This is the last article in a four-part series on starting a college magazine, written by the former Chairman of the Yale Record, America’s oldest humor magazine. There’s a lot of information here; pick and choose whatever seems helpful.
In the first three parts of this series, I gave advice about starting a publication, recruiting writers and other staff, and putting together your first few issues.
This is the cleanup post, where I talk about everything else. It will make more sense if you read the other posts first. Topics covered include:
- Publicizing your work
- Funding the publication
- Selling advertisements
- Staying out of trouble
- Preserving your history
Find Readers, Get Famous
You’ve published an issue! Congratulations.
Hello! I’m Aaron Gertler, and I’ve spent the last six months looking at hundreds of job postings on Yale University’s career site. Some of them were awesome; many were awful.
In the first part of this post, I examined common mistakes companies make when trying to hire students. This post is much happier: I’ll be looking at the common traits of my favorite job postings, and explaining how companies can use them to improve their hiring process!
Are you trying to hire students fresh out of college?
If so, that’s wonderful! We really appreciate it. I’ve applied to a lot of jobs over the past few months, and most companies I spoke to made me feel welcome and appreciated.
However, there are a few strange flaws I see in a lot of job postings. These aren’t just my pet peeves: I’ve also heard a complaints from many other students. And when a student has hundreds of jobs they could be applying for, a good job posting often makes the difference between keeping them on the hook and losing them in the wide sea of capitalism.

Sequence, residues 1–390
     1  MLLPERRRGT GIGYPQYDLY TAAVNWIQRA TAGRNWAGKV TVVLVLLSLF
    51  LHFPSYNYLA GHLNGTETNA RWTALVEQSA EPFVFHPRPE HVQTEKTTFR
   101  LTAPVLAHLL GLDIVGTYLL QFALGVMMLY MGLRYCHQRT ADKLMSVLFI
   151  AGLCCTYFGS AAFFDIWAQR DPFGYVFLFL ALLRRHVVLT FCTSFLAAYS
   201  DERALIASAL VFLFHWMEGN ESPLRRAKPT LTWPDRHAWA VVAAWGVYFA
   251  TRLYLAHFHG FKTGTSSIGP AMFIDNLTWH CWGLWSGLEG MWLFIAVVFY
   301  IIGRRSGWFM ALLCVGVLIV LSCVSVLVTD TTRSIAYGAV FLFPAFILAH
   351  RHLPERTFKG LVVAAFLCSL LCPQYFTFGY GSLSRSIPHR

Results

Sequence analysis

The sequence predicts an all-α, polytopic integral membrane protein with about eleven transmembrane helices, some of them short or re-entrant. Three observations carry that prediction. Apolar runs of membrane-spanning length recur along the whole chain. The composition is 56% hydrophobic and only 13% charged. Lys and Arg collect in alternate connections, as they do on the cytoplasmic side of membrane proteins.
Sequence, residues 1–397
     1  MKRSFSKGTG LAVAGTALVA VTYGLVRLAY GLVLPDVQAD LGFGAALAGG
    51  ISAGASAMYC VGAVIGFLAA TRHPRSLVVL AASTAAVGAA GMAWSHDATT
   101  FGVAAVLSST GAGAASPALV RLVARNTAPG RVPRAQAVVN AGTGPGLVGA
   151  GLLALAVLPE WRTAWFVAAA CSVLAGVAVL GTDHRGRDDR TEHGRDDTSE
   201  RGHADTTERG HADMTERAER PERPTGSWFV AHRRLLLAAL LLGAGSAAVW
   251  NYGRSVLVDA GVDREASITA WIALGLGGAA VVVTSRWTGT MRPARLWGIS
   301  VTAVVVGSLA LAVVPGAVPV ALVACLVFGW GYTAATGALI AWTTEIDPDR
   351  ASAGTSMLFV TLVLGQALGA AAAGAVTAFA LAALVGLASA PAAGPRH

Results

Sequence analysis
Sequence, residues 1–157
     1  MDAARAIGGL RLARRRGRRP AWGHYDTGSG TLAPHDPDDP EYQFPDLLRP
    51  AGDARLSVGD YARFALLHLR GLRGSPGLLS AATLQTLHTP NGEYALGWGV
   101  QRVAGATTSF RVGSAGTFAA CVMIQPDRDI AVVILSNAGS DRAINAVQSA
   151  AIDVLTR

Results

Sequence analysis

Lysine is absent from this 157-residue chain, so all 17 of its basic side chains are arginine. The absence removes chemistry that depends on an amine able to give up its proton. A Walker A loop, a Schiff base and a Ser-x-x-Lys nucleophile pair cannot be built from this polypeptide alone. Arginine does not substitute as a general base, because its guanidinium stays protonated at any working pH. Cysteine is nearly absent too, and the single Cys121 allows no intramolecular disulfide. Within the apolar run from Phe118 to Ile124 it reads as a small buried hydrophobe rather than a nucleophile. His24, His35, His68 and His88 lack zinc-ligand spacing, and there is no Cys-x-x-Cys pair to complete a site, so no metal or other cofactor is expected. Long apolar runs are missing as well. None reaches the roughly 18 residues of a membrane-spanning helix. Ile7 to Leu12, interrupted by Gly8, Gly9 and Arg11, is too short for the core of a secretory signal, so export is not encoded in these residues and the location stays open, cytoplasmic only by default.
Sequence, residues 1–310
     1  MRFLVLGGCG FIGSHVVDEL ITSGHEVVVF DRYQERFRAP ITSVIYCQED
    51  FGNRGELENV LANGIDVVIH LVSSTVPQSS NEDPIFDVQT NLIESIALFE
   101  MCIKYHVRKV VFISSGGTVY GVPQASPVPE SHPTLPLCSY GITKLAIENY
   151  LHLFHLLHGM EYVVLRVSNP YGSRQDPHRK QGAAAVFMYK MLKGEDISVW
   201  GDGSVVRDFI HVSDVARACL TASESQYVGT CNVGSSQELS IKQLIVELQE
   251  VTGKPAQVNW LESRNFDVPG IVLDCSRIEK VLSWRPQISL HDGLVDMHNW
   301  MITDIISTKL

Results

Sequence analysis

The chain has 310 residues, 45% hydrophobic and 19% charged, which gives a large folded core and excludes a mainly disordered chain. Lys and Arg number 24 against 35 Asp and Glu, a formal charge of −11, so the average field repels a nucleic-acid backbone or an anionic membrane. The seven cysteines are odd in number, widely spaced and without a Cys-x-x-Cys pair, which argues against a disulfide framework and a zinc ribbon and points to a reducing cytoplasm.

To help companies improve their hiring, I’ve written this quick guide to writing job postings for students. Some of this might be relevant to other job postings. Take what you like, leave what you don’t.
Yale’s Environmental Health and Safety office recently sent an email to all students with the headline “The Dangers Are Real”.
While the email included such safety-related gems as “the history of pedestrian right-of-way in Connecticut”, my favorite phrase was this:
“Distracted pedestrians are being injured at an increasingly alarming rate.”
“Increasingly alarming” is a beautiful phrase.
The Yale Environmental Health and Safety office does not imply that the rate of injury among distracted pedestrians is increasing — only that the employees of the office are becoming progressively more alarmed.
This is the third article in a four-part series on starting a college magazine, written by the Chairman of the Yale Record, America’s oldest humor magazine. There’s a lot of information here; pick and choose whatever seems helpful.
Click here to read the first article, or click here to send me a question.
Hello again, and welcome to the third part of the Guide.
This article tells you how to go from:
“Okay, we have people interested, now what?”
“Omigod look at our first issue hot off the presses/internet, it’s BEAUTIFUL! We are so cool and thoughtful!”
I’ve written this in three parts: The “how to write an issue” checklist, a sample timeline for a monthly magazine, and an extremely long and non-mandatory special feature: “One year in the publishing life of the Yale Record“.
In the final section, I explain what we do during the year, and when. Whether you’re starting a magazine in the summertime or the middle of the school year, you should be able to pick up a similar rhythm.
Welcome to the second article in a four-part series on starting a college magazine. There’s a lot of information here; pick and choose whatever seems helpful. Click here to read the first article, or click here to send me a question.
Hello again! This time, I’m going to talk about finding people to work with you on your new publication.
If you think you already have enough people to get going, you can skip this article and read the next one. But I’d recommend recruiting even if you have friends working with you. Staffing can be unpredictable: people graduate, people leave school, and people move on. Having extra writers and editors rarely hurts, as long as you can keep your standards high.
How to Recruit Writers
And, of course, all the people who aren’t writers. Every publication’s needs will be different. However, I’ll explain the setup of the Yale Record, since we have a large staff, work in many different styles, and publish a lot of art.